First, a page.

Gottheil read something different into those exchanges over iPad pricing. "I think [Cook] was saying that he acknowledges that the iPad margins are low by Apple's standards, and as production costs come down, those margins will go up," Gottheil said. A price cut, he said, was unlikely.
Apple also defended its iPad supply levels, which many have said were far under demand, interpreting the company's announcement last week that it would hold off selling the tablet outside the U.S. until the end of May.
"Sales have been much, much stronger than we predicted," Cook countered. "We are adding [production] capability, and we'll see where this thing goes. But it has shocked us, this level of demand."
Cook also fielded questions about whether the impending release of the iPad last quarter had convinced some consumers to spend their money on that, rather than, say, a Mac. "There's nothing in the numbers to suggest cannibalization," said Cook.
Gottheil agreed. "There will be some cannibalization, but not anything significant," he said. "The iPad really can't be used without a personal computer in its ecosystem."
More likely, he said, would be consumers choosing between an iPod Touch and an iPad, but even there he didn't think it would amount to much. "It's small potatoes," he said.
A question about netbooks -- which Gottheil described as a "softball" -- gave Cook the opportunity to again belittle the small, light and inexpensive laptops that captured a significant portion of the Windows-based notebook market last year.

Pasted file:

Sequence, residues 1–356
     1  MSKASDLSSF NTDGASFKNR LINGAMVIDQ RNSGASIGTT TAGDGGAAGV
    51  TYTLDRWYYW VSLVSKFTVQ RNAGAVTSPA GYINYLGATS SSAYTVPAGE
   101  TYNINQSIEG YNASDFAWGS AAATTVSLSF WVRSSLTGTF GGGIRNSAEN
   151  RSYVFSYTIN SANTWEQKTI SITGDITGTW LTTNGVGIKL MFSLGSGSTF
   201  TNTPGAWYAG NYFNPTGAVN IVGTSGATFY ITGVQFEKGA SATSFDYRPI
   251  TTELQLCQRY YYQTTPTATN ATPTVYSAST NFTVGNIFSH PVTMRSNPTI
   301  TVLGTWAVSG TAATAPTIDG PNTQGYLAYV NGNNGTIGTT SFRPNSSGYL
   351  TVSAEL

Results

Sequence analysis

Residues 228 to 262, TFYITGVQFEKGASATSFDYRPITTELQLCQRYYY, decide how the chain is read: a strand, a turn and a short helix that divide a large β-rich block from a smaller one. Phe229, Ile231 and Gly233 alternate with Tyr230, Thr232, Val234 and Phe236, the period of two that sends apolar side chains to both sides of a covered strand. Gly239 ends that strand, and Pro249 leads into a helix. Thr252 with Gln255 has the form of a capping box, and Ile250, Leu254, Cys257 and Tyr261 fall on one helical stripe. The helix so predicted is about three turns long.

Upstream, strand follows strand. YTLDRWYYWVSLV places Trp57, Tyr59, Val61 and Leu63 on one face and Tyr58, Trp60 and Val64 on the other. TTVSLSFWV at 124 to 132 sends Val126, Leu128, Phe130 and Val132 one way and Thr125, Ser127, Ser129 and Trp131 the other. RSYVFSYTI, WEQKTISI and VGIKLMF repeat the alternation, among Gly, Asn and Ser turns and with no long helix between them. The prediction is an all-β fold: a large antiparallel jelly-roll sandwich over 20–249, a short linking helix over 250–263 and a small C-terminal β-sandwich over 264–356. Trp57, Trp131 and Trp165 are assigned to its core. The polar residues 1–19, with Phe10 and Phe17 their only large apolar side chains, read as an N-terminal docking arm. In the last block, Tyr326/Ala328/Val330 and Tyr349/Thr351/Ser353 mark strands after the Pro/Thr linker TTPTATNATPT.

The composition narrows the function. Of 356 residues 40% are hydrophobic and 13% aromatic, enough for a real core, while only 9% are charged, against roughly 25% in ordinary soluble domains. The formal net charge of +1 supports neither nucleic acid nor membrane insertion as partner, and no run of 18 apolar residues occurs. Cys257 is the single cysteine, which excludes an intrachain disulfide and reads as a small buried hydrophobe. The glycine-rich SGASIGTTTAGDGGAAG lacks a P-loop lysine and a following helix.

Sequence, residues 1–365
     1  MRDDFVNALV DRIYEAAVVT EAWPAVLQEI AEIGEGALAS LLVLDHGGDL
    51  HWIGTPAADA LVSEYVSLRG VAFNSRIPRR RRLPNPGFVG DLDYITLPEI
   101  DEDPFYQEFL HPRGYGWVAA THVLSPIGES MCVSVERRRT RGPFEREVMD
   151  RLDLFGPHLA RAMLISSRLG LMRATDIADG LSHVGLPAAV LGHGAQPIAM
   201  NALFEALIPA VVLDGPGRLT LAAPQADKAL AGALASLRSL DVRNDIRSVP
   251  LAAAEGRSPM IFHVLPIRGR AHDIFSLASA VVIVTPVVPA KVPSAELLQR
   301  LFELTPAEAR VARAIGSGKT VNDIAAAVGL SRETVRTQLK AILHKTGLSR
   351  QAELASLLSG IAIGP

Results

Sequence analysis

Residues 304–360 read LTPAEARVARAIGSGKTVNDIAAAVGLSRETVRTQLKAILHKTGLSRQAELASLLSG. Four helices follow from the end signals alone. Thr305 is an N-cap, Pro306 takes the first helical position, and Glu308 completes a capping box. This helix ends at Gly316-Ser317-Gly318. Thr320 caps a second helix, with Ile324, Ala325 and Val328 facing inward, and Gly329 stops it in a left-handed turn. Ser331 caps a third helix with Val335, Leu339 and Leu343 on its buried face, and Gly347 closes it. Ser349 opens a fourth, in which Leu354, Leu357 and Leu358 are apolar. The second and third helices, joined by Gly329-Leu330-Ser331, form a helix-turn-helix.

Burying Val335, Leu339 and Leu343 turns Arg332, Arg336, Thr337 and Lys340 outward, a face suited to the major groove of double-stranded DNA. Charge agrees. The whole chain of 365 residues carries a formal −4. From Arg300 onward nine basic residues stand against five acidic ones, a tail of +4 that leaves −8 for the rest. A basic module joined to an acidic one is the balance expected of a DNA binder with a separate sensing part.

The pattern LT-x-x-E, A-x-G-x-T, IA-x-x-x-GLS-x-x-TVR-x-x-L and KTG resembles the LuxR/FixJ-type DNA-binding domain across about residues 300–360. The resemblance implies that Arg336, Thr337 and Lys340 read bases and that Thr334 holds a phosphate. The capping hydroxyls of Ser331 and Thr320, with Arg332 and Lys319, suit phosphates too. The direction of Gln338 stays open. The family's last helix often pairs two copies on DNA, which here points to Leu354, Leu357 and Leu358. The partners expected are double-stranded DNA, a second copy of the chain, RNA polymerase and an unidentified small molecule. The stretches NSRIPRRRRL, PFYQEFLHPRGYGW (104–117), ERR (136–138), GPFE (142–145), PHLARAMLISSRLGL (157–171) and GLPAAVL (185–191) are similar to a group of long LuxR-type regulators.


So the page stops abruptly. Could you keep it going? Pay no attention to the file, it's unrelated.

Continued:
"I can't think of a single thing that a netbook does well," Cook said.
Apple executives have regularly disparaged the category, especially when asked if or when the company would enter that market. Company CEO Steve Jobs jump-started Apple's dismissive attitude toward netbooks in October 2008, when he said, "We don't know how to make a US$500 computer that's not a piece of junk."
Apple continues to pump out products that people buy, said Gottheil, but it didn't come through the recession unscathed. "The fly in the ointment is that the average selling prices of Macs went down a little bit compared to last quarter," he said, referring to the average revenue Apple earned on each Mac sold.
People were a little more careful after the holidays with their money, he continued, and turned in larger numbers to the lowest-priced Macs.
"Apple saw a significant lower selling price during the recession, which reduced the margins on their computers," Gottheil said. "The Mac line is not in trouble by any means, but they defied gravity only so long."
When Apple refreshed its MacBook Pro laptop line last week, it actually boosted the price of the lowest-priced 15-in. model by US$100, a move Gottheil then saw as an attempt to "rebalance" pricing.
At the same time, Apple dropped the price of the next-up 15-in. MacBook Pro by US$100, and lowered the price of the top-end 17-in. MacBook Pro by US$200.
The pricing changes, Gottheil reiterated today, are two-fold: Apple wants to make more from the bottom end of the line, and by slashing the difference between that and the more expensive models, it wants to convince more consumers to buy up.
Apple also continued to stand behind its U.S. mobile carrier partner, AT&T, which has been heavily criticized by iPhone owners for poor network performance.
AT&T will begin selling data plans for the iPad at the end of this month when Apple ships the 3G-capable models .
"I think they continue to work very, very hard [at improving their network]," Cook said when asked how Apple viewed AT&T's previously-announced upgrades. "And we look for continued improvements."
Gregg Keizer covers Microsoft, security issues, Apple, Web browsers and general technology breaking news for Computerworld. Follow Gregg on Twitter at @gkeizer. His e-mail address is firstname.lastname@example.org .